The Yakou Festival is a sweaty, drunken, dangerous night of massive lantern-covered floats intentionally crashing into one another in a contest of maneuvering and brute strength. When the sun goes down, the floats are lit up and paraded through the crowded streets of Tonami City. Festival goers enjoy food from a myriad of booths and drummers and flutists perform traditional songs. Finally, after the crews responsible for steering the floats are sufficiently drunk, the action begins.
Two at a time the floats are pushed towards one another as fast as the crews can run. On the front are giant wooden poles, similar to battering rams, used to inflict as much damage as possible to the opposing team. The floats come crashing together with a loud bang, sending chunks of debris, and crew members, flying. After the initial crash the crews jockey for position by trying to shove the enemy's float back as far as possible. Once one of the teams has been pushed sufficiently far, a winner is declared and the floats are dragged back to their starting positions to square off once more. They collide three times, and the crew with the most wins is declared the victor.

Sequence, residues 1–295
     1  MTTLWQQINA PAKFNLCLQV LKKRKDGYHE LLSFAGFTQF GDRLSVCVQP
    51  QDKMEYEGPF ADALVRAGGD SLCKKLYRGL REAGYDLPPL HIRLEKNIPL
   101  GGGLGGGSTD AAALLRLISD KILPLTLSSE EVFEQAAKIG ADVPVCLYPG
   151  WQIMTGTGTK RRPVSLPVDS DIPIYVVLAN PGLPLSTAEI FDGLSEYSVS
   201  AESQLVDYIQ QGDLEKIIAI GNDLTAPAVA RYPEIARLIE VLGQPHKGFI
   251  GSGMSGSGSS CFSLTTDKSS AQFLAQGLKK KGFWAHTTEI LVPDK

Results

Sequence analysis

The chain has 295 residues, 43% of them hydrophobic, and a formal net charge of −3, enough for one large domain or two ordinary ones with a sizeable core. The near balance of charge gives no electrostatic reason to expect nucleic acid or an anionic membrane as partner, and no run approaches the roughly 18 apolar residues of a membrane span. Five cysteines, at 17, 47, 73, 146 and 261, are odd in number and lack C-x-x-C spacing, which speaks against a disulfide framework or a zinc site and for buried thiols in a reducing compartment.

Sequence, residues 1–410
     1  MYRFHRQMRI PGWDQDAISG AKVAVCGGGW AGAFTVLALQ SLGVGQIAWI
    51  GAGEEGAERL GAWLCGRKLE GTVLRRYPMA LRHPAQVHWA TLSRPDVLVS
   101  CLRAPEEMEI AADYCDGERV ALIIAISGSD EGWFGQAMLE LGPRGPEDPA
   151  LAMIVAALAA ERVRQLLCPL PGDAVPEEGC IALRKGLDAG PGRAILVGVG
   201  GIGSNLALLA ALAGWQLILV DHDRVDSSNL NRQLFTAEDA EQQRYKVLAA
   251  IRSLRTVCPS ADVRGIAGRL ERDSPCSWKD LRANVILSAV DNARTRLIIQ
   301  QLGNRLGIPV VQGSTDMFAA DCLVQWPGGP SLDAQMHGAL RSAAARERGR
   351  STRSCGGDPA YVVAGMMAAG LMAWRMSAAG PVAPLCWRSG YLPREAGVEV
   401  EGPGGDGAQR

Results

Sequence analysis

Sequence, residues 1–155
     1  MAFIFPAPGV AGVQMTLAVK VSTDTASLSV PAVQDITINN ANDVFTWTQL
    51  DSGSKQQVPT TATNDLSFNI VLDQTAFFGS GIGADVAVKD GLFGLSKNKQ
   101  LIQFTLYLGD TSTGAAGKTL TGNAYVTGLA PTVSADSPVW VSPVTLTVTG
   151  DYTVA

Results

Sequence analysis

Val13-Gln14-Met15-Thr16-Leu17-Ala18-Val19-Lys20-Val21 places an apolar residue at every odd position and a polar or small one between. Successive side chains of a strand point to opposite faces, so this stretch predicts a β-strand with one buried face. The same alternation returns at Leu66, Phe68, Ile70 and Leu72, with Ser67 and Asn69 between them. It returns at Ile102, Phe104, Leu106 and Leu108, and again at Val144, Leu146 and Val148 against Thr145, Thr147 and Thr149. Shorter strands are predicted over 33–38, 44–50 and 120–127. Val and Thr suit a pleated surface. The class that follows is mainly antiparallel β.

At the end of the night, after all the floats have faced each other, a grand champion is declared and the crews disperse to finish their night of partying. The Yakou Festival is a wild night of sights, sounds, and smells with more than a hint of danger in the air. The shouting of the crews, with rallying cries and instructions and chants, the aromas of the food vendors, and the lights of the floats all come together on the humid, steamy night to create an atmosphere that it truly, uniquely Japanese.
After teaching English in Toyama from 2004 - 2005 & visiting off & on again for the next 8 years, I decided to move here permanently in 2014. I love exploring the cities, festivals, countryside, & culture of this beautiful country.